This course fosters students’ natural curiosity through a series of developmentally appropriate hands-on activities that allow them to practice laboratory skills and gain an understanding of key concepts about energy. Students make observations, record data, and write formal reports including spreadsheets and graphs. During the fall study of meteorology students research topics of their choosing, prepare presentations, and share their findings with the class. They investigate energy transformation and conservation by building generators powered by the wind, integrating engineering design and core science concepts. This same integration occurs again during our investigation of astronomy when the students build robots and program them through our computers, and design and build rockets based on aerodynamic principles and Newton’s laws of motion.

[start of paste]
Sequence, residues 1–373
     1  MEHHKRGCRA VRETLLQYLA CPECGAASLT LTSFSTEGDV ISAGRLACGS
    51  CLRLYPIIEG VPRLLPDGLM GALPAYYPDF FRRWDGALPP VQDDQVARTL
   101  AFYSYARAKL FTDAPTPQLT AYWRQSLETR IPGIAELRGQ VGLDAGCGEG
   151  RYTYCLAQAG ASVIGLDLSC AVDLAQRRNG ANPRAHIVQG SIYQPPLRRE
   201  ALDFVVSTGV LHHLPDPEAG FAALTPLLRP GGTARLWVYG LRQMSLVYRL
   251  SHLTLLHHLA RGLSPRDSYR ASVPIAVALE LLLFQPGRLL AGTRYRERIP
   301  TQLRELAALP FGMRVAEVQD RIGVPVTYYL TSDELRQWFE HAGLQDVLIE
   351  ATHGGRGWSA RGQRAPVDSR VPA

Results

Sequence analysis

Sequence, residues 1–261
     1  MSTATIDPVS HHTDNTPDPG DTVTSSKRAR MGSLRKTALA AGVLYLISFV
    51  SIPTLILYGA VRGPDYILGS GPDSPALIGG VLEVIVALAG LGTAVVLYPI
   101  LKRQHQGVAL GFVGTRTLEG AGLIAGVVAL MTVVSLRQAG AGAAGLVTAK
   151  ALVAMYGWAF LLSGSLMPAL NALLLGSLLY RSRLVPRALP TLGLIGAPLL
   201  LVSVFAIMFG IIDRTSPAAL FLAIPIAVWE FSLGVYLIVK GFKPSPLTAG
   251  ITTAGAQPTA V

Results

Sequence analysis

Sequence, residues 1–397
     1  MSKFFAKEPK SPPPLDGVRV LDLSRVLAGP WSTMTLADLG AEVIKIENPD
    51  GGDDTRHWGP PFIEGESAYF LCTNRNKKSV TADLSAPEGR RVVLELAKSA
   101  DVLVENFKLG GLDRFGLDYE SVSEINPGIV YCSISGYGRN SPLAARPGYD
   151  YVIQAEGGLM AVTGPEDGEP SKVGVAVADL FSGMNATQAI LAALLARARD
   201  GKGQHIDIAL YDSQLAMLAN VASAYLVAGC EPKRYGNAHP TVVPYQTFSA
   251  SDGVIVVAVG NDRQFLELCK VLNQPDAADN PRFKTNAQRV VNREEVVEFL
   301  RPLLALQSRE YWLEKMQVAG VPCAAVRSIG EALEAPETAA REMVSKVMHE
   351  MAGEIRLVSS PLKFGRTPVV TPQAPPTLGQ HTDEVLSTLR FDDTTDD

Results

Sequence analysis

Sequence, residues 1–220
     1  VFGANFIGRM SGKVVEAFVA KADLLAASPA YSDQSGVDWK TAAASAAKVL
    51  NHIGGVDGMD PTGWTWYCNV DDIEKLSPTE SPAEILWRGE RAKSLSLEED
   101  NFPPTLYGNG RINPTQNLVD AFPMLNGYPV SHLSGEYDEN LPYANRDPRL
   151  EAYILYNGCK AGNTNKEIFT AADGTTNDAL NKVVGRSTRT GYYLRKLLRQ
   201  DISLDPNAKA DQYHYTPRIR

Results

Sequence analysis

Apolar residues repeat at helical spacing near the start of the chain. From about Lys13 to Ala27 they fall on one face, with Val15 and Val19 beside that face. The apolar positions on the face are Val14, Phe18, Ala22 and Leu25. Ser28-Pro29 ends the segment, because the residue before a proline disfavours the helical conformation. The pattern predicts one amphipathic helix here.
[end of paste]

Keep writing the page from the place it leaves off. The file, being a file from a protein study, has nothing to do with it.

essential questions

What is energy? (when viewed at the atomic scale)

What processes produce the energy we use? 

What process makes things slow down and  stop (lose energy)?

How does energy get from one object to another?

How do products and processes interact in technological systems?

Why are technologies created?
How are tools improved?

How does the Sun cause weather?

How does thermal energy move around, heating and cooling objects and places? 

What factors control Earth's weather and climate?

How do human activities alter Earth's climate?

Great Links


New York Times Science Times

Scientific American